A great place to try chumming for lots of different species is of course Barnegat Bay and all the inland waters to the north and south. Great Bay and Delaware Bay fishermen have also been reaping the benefits of some limited blowfishing opportunities, but the central part of the state has some areas that hold huge numbers of fish.

I’ll also drop chum at different, out of the box locations like the docks in Barnegat Inlet, and have done really well on triggerfish, blowfish, and small sea bass by chumming the inlet closer to the ocean as well. I have also done the same on the jetties to target triggers and sheepshead, while getting the attention of blackfish as well. But chumming around structure is not without “snags”. I have ripped the bottom off my chum pot a few times; they don’t work well without chum in them!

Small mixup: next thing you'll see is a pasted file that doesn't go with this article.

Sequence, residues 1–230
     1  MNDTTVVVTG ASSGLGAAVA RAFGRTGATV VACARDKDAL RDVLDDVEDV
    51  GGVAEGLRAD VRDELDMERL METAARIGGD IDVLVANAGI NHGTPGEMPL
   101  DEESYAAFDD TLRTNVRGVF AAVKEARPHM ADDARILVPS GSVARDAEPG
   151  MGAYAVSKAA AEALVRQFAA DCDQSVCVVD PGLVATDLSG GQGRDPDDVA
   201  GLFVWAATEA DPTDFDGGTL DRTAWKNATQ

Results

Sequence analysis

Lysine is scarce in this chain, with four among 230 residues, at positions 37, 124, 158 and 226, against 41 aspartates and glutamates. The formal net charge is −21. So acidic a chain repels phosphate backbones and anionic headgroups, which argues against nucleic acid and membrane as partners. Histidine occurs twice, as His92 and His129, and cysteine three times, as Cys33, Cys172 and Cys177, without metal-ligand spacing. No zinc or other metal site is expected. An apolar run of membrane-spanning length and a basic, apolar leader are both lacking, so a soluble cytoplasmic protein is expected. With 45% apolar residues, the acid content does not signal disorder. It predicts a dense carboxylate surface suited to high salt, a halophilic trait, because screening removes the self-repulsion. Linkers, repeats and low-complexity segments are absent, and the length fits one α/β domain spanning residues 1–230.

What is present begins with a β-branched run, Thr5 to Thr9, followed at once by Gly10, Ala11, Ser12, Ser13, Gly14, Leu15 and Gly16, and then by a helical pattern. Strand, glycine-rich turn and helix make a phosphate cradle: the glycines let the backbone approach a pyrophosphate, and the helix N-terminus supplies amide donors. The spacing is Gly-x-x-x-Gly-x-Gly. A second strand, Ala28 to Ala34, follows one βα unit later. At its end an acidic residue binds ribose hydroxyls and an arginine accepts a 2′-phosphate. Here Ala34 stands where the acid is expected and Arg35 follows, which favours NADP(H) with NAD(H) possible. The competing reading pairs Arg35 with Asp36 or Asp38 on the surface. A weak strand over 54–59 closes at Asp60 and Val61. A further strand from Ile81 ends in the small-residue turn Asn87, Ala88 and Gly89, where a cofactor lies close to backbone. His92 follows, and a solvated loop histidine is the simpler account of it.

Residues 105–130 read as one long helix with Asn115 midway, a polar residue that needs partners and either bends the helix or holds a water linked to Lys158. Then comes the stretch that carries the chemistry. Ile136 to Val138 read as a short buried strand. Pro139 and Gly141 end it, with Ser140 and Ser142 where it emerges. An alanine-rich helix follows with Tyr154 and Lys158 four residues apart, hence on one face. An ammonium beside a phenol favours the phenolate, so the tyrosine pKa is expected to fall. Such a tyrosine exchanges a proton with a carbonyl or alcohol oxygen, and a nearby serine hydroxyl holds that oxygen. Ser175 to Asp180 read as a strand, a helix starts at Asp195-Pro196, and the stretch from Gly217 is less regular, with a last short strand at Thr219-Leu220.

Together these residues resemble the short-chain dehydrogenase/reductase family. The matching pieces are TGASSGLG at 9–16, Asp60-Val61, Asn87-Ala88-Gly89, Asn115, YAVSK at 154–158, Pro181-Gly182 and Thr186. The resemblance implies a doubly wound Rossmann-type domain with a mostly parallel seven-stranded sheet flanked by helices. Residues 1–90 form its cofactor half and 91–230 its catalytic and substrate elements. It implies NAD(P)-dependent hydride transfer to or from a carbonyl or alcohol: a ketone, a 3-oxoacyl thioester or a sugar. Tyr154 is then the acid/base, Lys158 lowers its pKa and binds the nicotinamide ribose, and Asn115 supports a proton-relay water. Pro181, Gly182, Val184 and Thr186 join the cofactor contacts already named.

Summer Potluck

As far as different types of fish you can catch in late summer and early fall in the bays, it’s really amazing. I have caught up to 20 different types of fish in one trip; from simple small blues to two different types of groupers, amberjack, pompano and everything in between. My son even caught a baby cobia in the bay, only to be carefully photographed and released immediately. But that’s the great thing about chumming; you just don’t know what is going to come up on that line.

A couple of seasons back we finally starting seeing the return of the weakfish in the bay as we caught several spikes on each trip, which is certainly a great sign of future fishing opportunities. And if you want to keep a kid busy and interested, take him on a chumming trip; he won’t have time to sneeze! It’s probably one of the best ways to introduce your kids to the world of angling, as well as to aid them in identifying the many different species of fish that are out there.

With a minimal one weakfish per person limit, not a lot of anglers target weakfish any longer, but chumming is a good way of reminding you that the spikes are there.
With a minimal one weakfish per person limit, not a lot of anglers target weakfish any longer, but chumming is a good way of reminding you that the spikes are there.